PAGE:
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August 1, 1936

DISSEMINATED POLYPOSIS OF THE COLON: A NEW SURGICAL TREATMENT IN SELECTED CASES

JAMA. 1936;107(5):342-348. doi:10.1001/jama.1936.02770310020007
Abstract

In the nomenclature of intestinal tumors, the term "polyp" is useful in describing what is seen with the unaided eye. That is, it is a gross anatomic term and is not intended to indicate the probable histologic structure of the tumor. Polyps of the rectum and colon vary in size from small excrescences on the mucous surface (fig. 1) to pediculate tumors of varying size (fig. 2). Between these two extremes there are many variations in the gross appearances of these tumors. If histologic examination reveals that the polyp is an adenoma, it is proper to designate the condition as "adenomatosis of the colon." The general employment of the term "adenomatosis" to designate a polyposis of the colon is likely to create confusion unless microscopic examination has revealed the adenomatous nature of the lesion. Not all polyps of the colon are adenomas.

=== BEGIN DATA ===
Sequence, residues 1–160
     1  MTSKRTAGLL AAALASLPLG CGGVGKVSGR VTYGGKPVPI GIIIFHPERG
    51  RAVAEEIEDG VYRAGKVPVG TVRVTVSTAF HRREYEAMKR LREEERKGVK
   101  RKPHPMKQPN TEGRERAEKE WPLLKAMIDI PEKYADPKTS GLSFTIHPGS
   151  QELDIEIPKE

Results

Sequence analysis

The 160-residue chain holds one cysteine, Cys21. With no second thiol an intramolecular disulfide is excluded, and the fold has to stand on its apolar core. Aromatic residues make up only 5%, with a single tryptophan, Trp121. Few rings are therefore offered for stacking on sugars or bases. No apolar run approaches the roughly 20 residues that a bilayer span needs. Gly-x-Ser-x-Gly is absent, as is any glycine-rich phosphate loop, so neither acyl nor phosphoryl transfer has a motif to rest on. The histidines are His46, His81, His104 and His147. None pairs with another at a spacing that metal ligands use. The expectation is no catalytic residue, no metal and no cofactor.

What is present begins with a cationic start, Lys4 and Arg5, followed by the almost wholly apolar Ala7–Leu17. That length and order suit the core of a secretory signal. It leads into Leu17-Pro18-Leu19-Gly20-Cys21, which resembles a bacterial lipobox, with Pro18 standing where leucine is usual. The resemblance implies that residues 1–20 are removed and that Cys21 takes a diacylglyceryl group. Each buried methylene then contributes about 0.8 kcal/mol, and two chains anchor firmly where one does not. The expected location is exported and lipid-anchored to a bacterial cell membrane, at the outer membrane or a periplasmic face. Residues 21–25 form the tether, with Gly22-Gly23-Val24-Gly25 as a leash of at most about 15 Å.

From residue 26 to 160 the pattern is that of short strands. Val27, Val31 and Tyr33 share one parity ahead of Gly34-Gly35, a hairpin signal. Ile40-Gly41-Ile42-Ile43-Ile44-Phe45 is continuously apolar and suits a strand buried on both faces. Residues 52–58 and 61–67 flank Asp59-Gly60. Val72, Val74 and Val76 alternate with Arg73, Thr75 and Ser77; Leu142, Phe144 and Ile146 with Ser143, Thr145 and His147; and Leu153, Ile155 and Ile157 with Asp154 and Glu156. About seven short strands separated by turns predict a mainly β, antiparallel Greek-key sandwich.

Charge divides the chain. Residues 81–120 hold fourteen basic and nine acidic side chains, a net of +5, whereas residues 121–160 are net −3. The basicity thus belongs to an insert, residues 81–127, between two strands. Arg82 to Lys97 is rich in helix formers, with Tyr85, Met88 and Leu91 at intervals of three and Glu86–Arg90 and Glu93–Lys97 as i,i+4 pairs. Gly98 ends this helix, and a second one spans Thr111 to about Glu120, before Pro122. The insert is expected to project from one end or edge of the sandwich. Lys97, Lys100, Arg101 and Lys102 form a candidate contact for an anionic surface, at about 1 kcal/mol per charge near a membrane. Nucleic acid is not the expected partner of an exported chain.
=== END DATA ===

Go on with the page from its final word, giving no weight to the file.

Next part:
The classification of polyps of the colon is

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